Since last week’s bloodshed, Sterling’s and Castile’s names have been invoked by activists, politicians and celebrities, all calling for an end to police violence against blacks and an acknowledgement of the wide disparities they face in dealing with law enforcement.

Related: NBA Star's Low Key Activism Is a Sign of the Times

During Wednesday night’s airing of the 2016 ESPY Awards, NBA stars Carmelo Anthony, Chris Paul, Dwyane Wade and LeBron James came together to deliver a speech in which they called on professional athletes to use their platform to bridge the country’s racial divide and to combat gun violence and injustice.

“The racial profiling has to stop. The shoot-to-kill mentality has to stop. Not seeing the value of black and brown bodies has to stop,” Wade said.

“Let’s use this moment as a call to action for all professional athletes to educate ourselves,” James said. “Speak up. Use our influence. And renounce all violence…We all have to do better.”

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The names of the slain officers have also been used as a means to almost universally condemn the act of their killer, and by some, the movement whose banner he hid behind. Some on the far right, including radio host Rush Limbaugh have labeled the Black Lives Matter movement a terrorist group. Texas Lt. Governor Dan Patrick called protesters “hypocrites” from running from the gunfire the night the officers were killed.

Between the two posts, many say are realities that until now too many have shied away from.

“Unfortunately we don’t really like talking honestly about issues of race. But I’ve learned you don’t heal from what you don’t deal with and what you’re not real about,” Pastor Haynes said. “So as long as we don’t honestly confront the fact that racial injustice is structured in the very fabric of America and is going to produce racial division, going to produce racial hostility, all of that is homegrown. Because America doesn’t want to have an honest conversation.”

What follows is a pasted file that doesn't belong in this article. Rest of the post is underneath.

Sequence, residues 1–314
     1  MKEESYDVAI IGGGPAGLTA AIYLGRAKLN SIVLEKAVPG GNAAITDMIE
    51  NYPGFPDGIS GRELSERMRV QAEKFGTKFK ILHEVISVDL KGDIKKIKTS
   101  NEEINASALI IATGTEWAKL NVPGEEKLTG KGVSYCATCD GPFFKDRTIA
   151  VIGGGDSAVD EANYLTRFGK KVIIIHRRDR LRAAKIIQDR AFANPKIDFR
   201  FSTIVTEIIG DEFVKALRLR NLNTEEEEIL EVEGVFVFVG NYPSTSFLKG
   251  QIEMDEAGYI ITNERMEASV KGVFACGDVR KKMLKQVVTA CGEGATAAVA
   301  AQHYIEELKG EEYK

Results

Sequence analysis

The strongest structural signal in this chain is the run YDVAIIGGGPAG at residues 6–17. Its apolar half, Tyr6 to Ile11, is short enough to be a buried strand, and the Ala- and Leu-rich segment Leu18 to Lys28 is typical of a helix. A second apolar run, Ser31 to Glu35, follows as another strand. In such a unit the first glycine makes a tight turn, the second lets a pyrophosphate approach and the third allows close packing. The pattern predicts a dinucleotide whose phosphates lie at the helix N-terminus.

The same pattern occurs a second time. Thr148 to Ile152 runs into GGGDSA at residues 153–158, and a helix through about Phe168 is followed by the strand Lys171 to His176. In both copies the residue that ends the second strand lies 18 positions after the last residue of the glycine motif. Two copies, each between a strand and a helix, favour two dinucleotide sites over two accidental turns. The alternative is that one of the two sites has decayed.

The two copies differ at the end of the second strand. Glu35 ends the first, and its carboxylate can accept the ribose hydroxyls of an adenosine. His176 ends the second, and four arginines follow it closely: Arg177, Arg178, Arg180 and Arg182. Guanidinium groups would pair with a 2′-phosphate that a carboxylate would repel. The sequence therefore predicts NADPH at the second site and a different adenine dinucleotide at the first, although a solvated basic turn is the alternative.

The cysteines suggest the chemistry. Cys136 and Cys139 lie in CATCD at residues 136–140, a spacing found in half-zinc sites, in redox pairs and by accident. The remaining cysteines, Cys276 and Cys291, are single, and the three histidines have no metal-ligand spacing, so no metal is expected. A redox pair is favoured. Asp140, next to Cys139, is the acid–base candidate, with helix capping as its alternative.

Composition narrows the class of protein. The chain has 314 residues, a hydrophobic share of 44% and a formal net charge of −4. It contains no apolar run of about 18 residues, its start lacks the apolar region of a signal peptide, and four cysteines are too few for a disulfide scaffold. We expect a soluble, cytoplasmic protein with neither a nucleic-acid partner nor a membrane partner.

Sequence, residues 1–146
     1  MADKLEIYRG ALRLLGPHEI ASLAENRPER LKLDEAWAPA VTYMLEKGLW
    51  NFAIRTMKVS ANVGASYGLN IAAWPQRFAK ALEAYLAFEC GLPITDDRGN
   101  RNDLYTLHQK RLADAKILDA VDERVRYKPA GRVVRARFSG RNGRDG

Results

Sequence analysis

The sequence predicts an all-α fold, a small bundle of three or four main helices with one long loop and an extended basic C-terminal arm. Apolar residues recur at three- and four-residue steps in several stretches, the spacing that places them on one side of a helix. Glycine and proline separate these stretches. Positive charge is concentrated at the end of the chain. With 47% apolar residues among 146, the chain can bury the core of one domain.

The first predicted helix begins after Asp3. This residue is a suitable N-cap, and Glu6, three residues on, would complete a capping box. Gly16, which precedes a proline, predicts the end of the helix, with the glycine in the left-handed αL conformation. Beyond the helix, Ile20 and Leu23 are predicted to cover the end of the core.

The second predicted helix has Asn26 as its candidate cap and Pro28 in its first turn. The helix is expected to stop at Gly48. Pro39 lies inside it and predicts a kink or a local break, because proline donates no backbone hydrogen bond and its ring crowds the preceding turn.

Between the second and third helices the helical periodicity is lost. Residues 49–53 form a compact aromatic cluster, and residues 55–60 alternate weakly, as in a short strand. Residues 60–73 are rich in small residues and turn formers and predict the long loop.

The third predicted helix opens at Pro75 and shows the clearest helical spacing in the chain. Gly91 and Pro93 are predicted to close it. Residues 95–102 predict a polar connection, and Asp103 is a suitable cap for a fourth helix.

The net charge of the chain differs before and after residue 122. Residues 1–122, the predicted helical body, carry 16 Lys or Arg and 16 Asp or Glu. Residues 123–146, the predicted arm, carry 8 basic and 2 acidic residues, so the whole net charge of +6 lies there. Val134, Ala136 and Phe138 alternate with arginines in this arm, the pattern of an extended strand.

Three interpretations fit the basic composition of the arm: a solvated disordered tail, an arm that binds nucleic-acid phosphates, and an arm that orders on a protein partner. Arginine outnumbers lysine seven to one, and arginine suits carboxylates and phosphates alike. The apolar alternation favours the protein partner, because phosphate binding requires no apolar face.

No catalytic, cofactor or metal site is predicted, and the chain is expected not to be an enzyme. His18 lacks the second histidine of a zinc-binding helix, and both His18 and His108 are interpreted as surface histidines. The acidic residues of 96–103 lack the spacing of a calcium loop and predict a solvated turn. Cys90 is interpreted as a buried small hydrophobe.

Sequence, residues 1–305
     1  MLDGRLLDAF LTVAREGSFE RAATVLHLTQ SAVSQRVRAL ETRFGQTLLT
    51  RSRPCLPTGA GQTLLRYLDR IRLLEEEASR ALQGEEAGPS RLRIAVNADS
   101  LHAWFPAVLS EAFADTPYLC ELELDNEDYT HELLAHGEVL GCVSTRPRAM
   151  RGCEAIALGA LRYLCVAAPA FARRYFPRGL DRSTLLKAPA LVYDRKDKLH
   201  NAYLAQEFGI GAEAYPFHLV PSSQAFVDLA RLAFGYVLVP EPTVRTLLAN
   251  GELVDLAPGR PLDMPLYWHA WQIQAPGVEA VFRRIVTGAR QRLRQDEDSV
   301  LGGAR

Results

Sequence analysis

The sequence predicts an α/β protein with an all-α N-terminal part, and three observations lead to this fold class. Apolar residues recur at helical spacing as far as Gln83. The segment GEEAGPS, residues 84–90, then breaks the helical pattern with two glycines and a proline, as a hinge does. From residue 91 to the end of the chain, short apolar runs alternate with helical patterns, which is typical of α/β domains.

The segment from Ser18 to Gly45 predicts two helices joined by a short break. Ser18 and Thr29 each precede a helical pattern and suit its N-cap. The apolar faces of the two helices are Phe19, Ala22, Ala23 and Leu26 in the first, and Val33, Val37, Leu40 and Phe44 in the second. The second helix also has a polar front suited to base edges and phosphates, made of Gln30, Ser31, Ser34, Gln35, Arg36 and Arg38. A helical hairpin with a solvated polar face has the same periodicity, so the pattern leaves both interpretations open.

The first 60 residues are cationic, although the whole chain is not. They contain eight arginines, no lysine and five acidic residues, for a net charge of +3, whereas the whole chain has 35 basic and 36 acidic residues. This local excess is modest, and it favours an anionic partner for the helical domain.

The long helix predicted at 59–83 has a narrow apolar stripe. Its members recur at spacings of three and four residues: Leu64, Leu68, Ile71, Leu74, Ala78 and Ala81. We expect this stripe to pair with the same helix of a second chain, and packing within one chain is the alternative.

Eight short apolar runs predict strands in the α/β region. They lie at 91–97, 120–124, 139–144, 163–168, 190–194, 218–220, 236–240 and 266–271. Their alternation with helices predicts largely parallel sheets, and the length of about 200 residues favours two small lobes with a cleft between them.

On Wednesday, three of the officers – Sr. Cpl. Lorne Aherns, Sgt. Michael Smith and transit Officer Brent Thompson— were laid to rest. On Thursday, a horse drawn carriage led a procession of mourners through downtown St. Paul, Minn. to St. Paul Cathedral where Sterling’s family wept and said goodbye. Not long after, Sgt. Michael Smith’s family did the same. On Friday, the funerals of Alton Sterling and Dallas Police Officer Michael Krol are scheduled. Sterling’s funeral will be public and take place on the grounds of Southern University in Baton Rouge, while Krol will be buried in Plano, Texas following a private ceremony.

The last and final funeral in this terrible sequence is scheduled for Saturday, when the loved ones of Officer Patrick Zamarripa will take place in Dallas. While the last funeral for the last man killed in this latest wave of racialized killings in America will happen this weekend, the bones of racism are long from being buried.

“Dallas is every city in this country because every city in this country has the same symptoms from the cancer that has never been dealt with by way of real surgical removal. And that cancer is racial injustice, racism, and the fact that we as a country have not come to grips with the fact that we have structured hate, we have structured imbalance and inequality, and that is going to breed negativity,” said Haynes, who attended the president’s meeting this week. “So I am hoping we don’t have these Kumbaya moments without healing and correct the structure that’s going to create this thing all over again.”